men and their wives. Mrs. W. H. Lig
gett and Miss Shepard, of St. Anthony
Park, have charge of the arrangements
for the luncheon. These two women will
also have charge of the household econ
omics at the headquarters and special at
tention will be paid to this department.
Every day during the week Miss Shep
ard will give demonstrations In practical
cooking, and in addition to this there
will be prizes offered to servants who
can show certificates of the longest serv
ice in one place. Russian tea will be
served every day ln the club house, and
there will be special musical programmes
both morning and afternoon, the Schu
bert club, of St. Paul, and the Ladies'
Thursday Muslcale, of Minneapolis, al_
ternating In presenting the programme.
After the state fair week programme
will come the state federation conven
tion at Owatonna in October. Aside from
the all-important question that has to do
with the colored woman and which 'after
all, cannot in any way be settled by the
state association alone, though the lat
ter's influence will undoubtedly count In
the national association, many other
questions of moment will come up for
discussion. The general topics will be
education, domestic science, art, libraries,
music and town and village Improve
ments. On the opening evening at Owa
tonna the musical programme will be giv
en. The second evening a reception will
be held, and on the Cosing evening Mrs.
Conde Hamlin, of St. Paul, will have
charge of the presentation of town and
village improvement work in Minnesota.
The address will be Illustrated with
slides. The latter part of the evening will
be devoted to a talk on "The Develop
ment and Importance of the Flax Indus
try," . by Mrs. O. N. Olberg, of Albert
Lea. The educational programme will re
late to the reorganization of the rural
school system. The art programme will
treat of art ln simple things.
♦ * *
The engagement is announced of Miss
Minnie Weiss, of Summit avenue, and
Jacob Feschner, of Chicago.
* * •
- Miss Ina Bamcock, of Grand Ledge,
Mich., was the guest of honor at a euchre
party given Monday afternoon by Mrs. D.
S. Sperry, of Holly avenue. Cards were
played at four tables, favors being won
by Mrs. J. M. Schwartz and Mrs. C. E.
Mr. and Mrs. L. D. Garrett, of New
York, who are the guests of Mr. and
Mrs. O. E. Brooks, of Holly avenue, were
the guests of honor at a.-trolley-party
given Monday evening by W. J. Hie*i<l.
A company- of twenty rode to Lake Har
riet and remained for the band concert.
< .'■ ■ *•*.--' :~i:.y :
Mrs. J. N. Mounts, of Grand avenue,
entertained the Endless Chain Birthday
club Monday afternoon. Favors were won
HR. MORGAN A GENEROUS GIVER.
J. Pierpont Morgan's recent gift of $1,000,000 to Harvard university is but one
of a long series of benefactions extending over a period of years and amounting to
hundreds of thousands of dollars. A list of those which have been made public
is as follows: (
New parish house and "rectory for St. George's church J300.C00
For St. George's church work among the poor 200,000
New York Trades training school ....- .-..;..... 500,000
St. John's "cathedral. 500,000
The magnificent Lying In hospital, on the • site of Hamilton Fish's former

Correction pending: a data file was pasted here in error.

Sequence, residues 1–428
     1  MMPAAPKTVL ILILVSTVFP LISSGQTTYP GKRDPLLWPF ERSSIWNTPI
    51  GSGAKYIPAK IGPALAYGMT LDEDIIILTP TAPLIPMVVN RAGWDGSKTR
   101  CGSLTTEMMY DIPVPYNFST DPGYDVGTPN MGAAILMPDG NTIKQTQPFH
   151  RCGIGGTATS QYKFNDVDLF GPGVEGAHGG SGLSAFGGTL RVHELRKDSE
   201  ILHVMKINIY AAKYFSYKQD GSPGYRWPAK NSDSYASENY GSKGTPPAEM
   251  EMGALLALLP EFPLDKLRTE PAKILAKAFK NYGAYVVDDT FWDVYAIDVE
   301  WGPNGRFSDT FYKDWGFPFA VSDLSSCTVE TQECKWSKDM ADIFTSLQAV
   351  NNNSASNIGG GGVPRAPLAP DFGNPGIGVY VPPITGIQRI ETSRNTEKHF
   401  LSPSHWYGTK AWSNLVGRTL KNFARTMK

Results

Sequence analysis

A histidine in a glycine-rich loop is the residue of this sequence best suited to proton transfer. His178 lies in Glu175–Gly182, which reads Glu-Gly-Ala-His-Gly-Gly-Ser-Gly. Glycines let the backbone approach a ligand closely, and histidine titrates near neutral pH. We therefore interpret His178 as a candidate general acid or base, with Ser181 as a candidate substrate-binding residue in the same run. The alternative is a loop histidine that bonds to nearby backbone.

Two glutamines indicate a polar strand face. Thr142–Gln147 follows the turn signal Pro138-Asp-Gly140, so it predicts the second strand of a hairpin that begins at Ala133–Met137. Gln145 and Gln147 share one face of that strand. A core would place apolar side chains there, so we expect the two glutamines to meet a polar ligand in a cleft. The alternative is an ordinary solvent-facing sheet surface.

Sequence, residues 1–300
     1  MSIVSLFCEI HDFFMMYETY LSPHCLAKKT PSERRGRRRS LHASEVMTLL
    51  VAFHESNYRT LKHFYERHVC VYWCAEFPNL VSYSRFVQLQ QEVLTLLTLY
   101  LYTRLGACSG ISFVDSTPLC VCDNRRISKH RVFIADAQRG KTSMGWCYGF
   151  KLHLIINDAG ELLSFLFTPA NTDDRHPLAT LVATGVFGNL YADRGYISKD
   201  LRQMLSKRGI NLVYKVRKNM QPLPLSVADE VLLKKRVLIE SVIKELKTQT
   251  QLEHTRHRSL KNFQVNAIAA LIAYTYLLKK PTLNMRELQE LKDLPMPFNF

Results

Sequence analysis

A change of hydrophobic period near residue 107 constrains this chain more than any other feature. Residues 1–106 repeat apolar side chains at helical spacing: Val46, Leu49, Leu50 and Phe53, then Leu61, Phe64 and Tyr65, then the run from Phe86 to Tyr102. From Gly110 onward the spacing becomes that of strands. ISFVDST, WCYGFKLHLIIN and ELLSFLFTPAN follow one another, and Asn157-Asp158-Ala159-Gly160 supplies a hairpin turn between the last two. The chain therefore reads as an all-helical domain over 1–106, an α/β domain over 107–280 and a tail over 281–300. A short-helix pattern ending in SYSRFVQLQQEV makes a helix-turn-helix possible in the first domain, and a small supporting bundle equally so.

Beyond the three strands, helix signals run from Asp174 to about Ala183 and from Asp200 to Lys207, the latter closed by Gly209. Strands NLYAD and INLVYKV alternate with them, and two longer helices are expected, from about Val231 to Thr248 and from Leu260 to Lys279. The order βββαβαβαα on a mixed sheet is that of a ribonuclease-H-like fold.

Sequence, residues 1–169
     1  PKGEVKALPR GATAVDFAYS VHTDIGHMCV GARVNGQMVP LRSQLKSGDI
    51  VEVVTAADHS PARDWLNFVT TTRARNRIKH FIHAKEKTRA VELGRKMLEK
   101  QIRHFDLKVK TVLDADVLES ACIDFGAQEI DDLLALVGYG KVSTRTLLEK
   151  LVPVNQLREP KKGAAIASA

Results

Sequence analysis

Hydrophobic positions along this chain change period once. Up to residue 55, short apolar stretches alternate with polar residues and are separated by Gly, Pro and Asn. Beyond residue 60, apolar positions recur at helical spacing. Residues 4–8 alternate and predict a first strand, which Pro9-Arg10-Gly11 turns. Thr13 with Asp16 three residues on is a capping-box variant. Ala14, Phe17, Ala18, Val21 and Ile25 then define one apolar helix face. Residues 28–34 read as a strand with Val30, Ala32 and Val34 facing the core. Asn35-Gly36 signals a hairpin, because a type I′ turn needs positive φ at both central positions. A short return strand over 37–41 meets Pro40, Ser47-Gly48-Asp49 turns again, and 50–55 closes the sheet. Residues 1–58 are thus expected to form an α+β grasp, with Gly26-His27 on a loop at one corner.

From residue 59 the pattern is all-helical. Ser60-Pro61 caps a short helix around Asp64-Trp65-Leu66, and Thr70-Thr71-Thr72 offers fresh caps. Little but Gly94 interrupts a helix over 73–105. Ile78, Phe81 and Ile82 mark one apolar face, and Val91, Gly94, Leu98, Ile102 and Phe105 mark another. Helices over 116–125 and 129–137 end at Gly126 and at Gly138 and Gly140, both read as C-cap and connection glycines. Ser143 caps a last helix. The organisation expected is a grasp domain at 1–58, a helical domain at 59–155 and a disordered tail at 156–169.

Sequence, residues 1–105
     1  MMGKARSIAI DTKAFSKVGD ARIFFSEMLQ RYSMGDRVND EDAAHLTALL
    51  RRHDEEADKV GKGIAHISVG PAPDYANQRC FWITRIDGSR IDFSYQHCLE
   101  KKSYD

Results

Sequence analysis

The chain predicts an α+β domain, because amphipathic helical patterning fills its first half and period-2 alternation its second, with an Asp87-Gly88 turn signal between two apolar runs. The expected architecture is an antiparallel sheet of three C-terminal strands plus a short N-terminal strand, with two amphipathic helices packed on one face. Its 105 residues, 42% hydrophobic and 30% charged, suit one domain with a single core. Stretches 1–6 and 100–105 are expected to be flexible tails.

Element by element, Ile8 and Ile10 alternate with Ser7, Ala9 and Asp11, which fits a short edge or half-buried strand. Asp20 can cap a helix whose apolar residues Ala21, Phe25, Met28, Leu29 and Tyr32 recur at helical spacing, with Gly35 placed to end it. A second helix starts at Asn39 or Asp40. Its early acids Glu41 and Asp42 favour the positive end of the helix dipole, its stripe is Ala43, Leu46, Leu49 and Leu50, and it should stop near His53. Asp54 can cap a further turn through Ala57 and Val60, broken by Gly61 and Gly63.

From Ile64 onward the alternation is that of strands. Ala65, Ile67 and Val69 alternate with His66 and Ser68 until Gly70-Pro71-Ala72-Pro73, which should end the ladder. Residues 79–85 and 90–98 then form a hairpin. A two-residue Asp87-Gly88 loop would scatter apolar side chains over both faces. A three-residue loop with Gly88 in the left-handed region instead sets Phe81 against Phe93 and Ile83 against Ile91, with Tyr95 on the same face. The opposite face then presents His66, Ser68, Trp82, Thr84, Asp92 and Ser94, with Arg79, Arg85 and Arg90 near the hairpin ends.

residence, - Stuyvesant park and Second avenue 1,000,
For equipping the hospital 350,000
Gave the two lots adjoining
For;preserving the Palisades ....'.........* 125,000
For paying debts of the Young Men's Christian association 100*000
The Holyoke, Mass., library , 100,000
Aix les Bains hospital &u,OOO
St. Paul's cathedral, London, complete electrical plant
Electrical plant for the Loomis sanitarium 40,000
Queen Victoria memorial fund „ 5*009
Galveston relief fund ..„ , 5,000
Site at Rockaway for St. George's cottages by the sea ..;..... '.,
Handsome site for the New York Yacht club building, West Forty-fourth
. street;.. ;
Tiffany collection of rare gems, presented to American Museum -of Natural
History ......... .; : ...
Rare collection of Greek ornaments, presented to - Metropolitan Museum of
Art ... -3J0.000
Three famous paintings, Columbus, Napoleon and Nelson, presented to Met
ropolitan Museum of Art ..........". ;..... .....". ;.i...
Famous collection, of fabrics, presented to Cooper Union .;'....' .'.'.'.'.,
Expense assumed for bishopric of A1a5kar..,....: .....:...;.-..... :... 7...
Free parsonage to Church of Holy Innocents, Highland Falls, N V... !!!!..
singing the processional hymn. The choir
boys were dressed in a livery of red and
gold. The men wore the usual sur
plices. Each had a band of crepe around
his left arm. The minister followed them
with his assistant, one taking the pulpit
and the other the reading desk.
Immediately. behind them came King
Edward VII., dressed in a black frocK
suit and carrying a silk hat in his un
gloved hands. Queen Alexandra and Prin
cess-Victoria, both of whom are taller
than the king, followed quietly after him,
and he stood aside to allOw them to pass
Into the pew. The queen wore a gown of
plain black, a small black bonnet and a
crepe collar, as simple a costume as you
could imagine. That of the princess was
similar, except that she wore a black silk
hat Instead of a bonnet. Both are beauti
ful women, and the queen, although past
fifty years of age, looks as young as her
daughter. Her figure Is girlish and
graceful, her abundant blonde hair is
without a sign of gray, her complexion Is
fresh and pure as a child's, and sue
stands and walks with the firm crectness
of an athlete. The Princess Victoria is a
little "taller than her mother, but not so
plump. Her face is purely English, ac